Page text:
Interview with Dr Katelin Hansen: MennoNerds on #BlackLivesMatter

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Dr. Katelin Hansen is someone I deeply respect.  Her work with the racial realities in the United States on her blog bytheirstrangefruit is a go to resource for me, even being from Canada.  It is of particular interest to me as she is white, like me, and is very well grounded in what it means to be an advocate as a white person.  It is complex,  as she said in our preamble before the questions started flying “colonialism/racism was created by white people.”  As I try to understand the #blacklivesmatter movement more in depth, and consequentially learn about racial realities in my country to have this conversation with someone as grounded and grassroots as Katelin is a complete pleasure. Her answers to my wonderings are gentle, challenging and inspiring.  Please read, learn and act.

Chris: Thanks Katelin for your willingness to dialogue about the Black Lives Matter movement.  It is deeply appreciated.  For some of us Canadians, we don’t have a deep sense about what the Black Lives Matter movement is.  We hear the occasional news story from “Big” media and some of us know the hashtag #BlackLivesMatter, but that is often the limit of our engagement. Being from a different country with different racial realities might be contributing to that I think.  Can you share a little bit about the emergence of the movement and how it has impacted current social realities?

Katelin: I suspect a lot of people in the USA (especially white people here) also don’t have a great understanding of the Black Lives Matter (BLM) movement, which often leads to undue suspicion, fear, or anger. There is indeed a reticence to immerse ourselves in full engagement with what it being said, so much of the message is misunderstood, or missed entirely.

The phrase itself was coined in 2013 by Alicia Garza, Patrisse Cullors, and Opal Tometi, who after Trayvon Martin was killed, used it to respond to the anti-Black racism that was being made so apparent. The phrase began to pick up momentum even more after Michael Brown was killed, because as he lay in the street for over four hours, it demonstrated again that some lives simply mattered less than others in our society. As the month unfolded, it felt like we were hit with more and more evidence, often videoed live in the act, that Black lives don’t matter.

So ‘Black Lives Matter’ is powerful for the very reason that such a statement is needed at all. Because so often Black lives are treated as though the don’t matter, we are compelled to reaffirm that yes, yes, they do!! It does not mean “Black Lives Matter instead” or Black Live Matter only” but it is an affirmation that gives special cover to those who have not felt that truth from the society around them.

And what an indictment on the Church! This, the very institution charged with conveying and acting on the message that our lives matter to God, especially those treated as ‘the least of these.’ (The white church being by far the most culpable).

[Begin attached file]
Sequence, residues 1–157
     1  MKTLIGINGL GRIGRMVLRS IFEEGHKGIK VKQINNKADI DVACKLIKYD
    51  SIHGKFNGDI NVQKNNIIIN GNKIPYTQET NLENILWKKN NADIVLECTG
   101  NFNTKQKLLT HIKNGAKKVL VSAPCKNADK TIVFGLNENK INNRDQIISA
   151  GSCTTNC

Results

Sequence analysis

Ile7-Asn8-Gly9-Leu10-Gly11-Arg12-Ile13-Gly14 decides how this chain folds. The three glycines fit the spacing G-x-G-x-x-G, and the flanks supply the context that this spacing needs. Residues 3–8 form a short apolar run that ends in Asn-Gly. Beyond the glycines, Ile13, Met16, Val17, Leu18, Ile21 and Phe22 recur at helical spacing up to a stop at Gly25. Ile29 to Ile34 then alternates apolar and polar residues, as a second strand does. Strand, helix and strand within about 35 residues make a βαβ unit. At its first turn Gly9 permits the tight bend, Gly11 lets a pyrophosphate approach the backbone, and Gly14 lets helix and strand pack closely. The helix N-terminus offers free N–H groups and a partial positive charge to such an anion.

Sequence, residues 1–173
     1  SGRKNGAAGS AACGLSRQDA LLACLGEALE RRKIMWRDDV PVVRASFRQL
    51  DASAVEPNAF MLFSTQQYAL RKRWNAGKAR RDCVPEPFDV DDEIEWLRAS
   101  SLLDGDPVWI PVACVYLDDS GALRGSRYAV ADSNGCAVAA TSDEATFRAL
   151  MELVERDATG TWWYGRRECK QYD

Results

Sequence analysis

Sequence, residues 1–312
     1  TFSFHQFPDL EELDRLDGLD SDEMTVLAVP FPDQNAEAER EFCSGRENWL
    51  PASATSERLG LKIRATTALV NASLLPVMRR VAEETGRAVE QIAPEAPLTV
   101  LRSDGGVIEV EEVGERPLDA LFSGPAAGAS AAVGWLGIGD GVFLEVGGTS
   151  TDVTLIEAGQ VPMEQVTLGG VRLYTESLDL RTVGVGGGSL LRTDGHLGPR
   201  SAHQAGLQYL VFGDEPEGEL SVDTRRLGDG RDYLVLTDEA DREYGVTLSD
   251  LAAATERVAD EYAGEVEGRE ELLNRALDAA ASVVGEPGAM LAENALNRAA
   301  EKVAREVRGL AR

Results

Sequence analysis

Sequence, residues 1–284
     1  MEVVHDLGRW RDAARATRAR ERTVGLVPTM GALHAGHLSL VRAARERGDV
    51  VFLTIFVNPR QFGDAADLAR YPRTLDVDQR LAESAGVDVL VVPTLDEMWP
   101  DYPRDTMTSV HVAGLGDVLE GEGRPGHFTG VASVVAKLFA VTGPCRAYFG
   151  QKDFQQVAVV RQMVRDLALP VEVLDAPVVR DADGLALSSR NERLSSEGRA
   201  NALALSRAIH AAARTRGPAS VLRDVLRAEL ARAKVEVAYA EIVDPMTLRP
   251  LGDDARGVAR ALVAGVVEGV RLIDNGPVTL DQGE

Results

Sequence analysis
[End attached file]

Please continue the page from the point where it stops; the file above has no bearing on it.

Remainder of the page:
Thus, Black Lives Matter is a statement of commitment that we will work to ensure that our Black sisters and brothers are protected, respected, and empowered in our society, in a way that has never been the case to this point in USA history. I am not immersed in Canadian culture myself, but it wouldn’t surprise me if there were similar issues of injustice there as well, While I know the USA has a very particular and sordid history with race, power combined with prejudice is a mighty force that knows no borders.

Chris:  Canada most certainly has a sordid history with race, power and prejudice.  The Canadian history, and currently realities with Indigenous people is, well, terrible.  I think this is why it is important for us to talk, because of the different contexts, yet similar racial realities.  In common we both live in countries that are saturated with white privilege, and power.  

For some of us in Canada, we have been embarking on a process which is called the “Truth and Reconciliation Commission.”  The purpose is to reconcile Canadians with the injustice that occurred to Indigenous people through the Residential schools, which were more or less intended to assimilate Indigenous people into white, colonial, European culture which was masked and informed by a particular, power hungry Christianity.  It was a process where survivors of Residential Schools would share their experience and add it to official record.  It was a multiple city commission.  I attended one session in Vancouver and was drastically changed.  One thing I notice about the rhetoric here is that it is about truth telling, listening and reconciliation while moving toward a hopeful future.  It is often framed int he context of a journey.  This is certainly more complicated, but I am wondering how the engagement between the white people and power structures and BLM is being framed.  What does it look like to move forward together?  

Katelin: Canada does seem to be better engaged with the injustices surrounding its indigenous peoples than does the USA. One of the consequences of the USA’s particularly shameful history with its Black residents is that the injustices against other communities of color often go overlooked and underaddressed. A similar effect happens in other countries, with other populations. Even as Canada begins to address its sins against indigenous peoples, it often parallels the USA with regard to other racial groups as well. The focus is often on indigenous peoples (and much focus is needed!), but as this Rabble article notes, “collapsing Black struggles in the U.S. into Indigenous struggles in Canada actively erases Black/Afrikan struggles in Canada. It would be more appropriate to suggest that the Canadian corollary to Black struggles in the U.S. are specific Black-led struggles in our own country.”